Higher order derivatives in importance sampling


I am considering several functions to be used in the importance sampling scheme proposed by Modulus. In the lid driven cavity example, the 2-norm of the velocity derivative is used. In case higher-order derivatives are to be needed, how should one proceed? This might be of interest if one wanted to use the residual as a sampling measure (as it might be for the heat equation or Navier-Stokes where a second-order term is found).
In the list of required outputs of the graph, it is possible to specify which key (e.g., T in the heat equation) holds the derivative with respect to another key ( e.g., x ). How do you specify that you want a larger order derivative with respect to that key?


Hi @nripamont

For importance sampling in the LDC example, the first order derivatives are used. Changing to higher-order should be straight forward (assuming the gradients can be calculated in the graph). High-order diffs can be specified in the output keys which will then show up in the output dictionary.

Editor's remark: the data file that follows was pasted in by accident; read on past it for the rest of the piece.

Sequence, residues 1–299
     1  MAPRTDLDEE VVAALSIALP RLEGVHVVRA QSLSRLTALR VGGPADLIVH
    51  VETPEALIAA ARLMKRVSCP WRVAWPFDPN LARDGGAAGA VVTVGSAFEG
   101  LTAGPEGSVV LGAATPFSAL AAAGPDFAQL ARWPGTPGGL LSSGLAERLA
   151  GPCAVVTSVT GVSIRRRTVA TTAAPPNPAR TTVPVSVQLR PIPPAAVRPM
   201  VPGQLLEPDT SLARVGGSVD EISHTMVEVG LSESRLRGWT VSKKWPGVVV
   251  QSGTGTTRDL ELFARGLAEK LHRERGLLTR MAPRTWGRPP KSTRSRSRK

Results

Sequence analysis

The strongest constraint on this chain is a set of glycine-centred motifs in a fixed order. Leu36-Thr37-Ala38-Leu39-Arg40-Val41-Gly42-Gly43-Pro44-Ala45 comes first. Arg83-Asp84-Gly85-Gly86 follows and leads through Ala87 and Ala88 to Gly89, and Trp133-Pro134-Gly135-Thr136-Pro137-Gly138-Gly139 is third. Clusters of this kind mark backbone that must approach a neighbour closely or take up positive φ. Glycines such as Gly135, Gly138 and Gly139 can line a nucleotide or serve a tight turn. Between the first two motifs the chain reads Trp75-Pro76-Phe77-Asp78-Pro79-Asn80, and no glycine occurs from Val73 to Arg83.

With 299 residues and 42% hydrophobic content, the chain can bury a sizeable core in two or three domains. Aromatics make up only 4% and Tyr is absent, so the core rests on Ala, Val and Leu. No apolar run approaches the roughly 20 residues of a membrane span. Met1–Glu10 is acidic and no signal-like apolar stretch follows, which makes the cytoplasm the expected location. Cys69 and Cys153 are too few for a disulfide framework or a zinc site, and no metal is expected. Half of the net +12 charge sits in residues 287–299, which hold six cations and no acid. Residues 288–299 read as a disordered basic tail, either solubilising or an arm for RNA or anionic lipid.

Keys that are derivatives are converted into Keys using the diff_str, so u__x is du/dx = Key('u', diff=[Key('x')]), u__x__x is d2u/dx2 = Key('u', diff=[Key('x'), Key('x')]), u__x__y is d2u/dxdy = Key('u', diff=[Key('x'), Key('y')]), etc.

So if you want to importance sample in the LDC example with second order diffs:

importance_model_graph = Graph(
        invar=[Key("x"), Key("y")],
            Key("u", derivatives=[Key("x"), Key("x")]),

    def importance_measure(invar):
        outvar = importance_model_graph(
            Constraint._set_device(invar, device=device, requires_grad=True)
        importance = (
            outvar["u__x__x"] ** 2
        ) ** 0.5 + 10
        return importance.cpu().detach().numpy()

(You could try going higher to third order if you want, will be much slower but Modulus should do the autodiffs for you)

can we go up to fourth order, but for solving our equation we do not need first and third order, we only need second and fourth to solve equation.